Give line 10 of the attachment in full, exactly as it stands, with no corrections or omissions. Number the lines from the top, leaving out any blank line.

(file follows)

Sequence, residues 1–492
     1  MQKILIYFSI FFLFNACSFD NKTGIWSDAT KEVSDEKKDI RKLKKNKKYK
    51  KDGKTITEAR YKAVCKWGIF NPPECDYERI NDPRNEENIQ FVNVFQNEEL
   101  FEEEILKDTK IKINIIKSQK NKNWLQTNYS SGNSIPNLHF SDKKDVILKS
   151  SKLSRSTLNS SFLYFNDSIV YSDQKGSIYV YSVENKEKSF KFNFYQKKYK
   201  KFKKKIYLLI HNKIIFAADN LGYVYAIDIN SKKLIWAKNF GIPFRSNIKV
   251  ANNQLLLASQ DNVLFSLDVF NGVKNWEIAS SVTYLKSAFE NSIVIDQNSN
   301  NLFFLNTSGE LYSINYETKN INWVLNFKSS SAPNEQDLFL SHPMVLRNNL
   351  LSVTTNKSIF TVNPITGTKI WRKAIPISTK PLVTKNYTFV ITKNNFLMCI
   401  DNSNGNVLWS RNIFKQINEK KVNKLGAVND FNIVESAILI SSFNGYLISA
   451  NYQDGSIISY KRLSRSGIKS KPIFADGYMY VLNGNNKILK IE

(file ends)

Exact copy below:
   401  DNSNGNVLWS RNIFKQINEK KVNKLGAVND FNIVESAILI SSFNGYLISA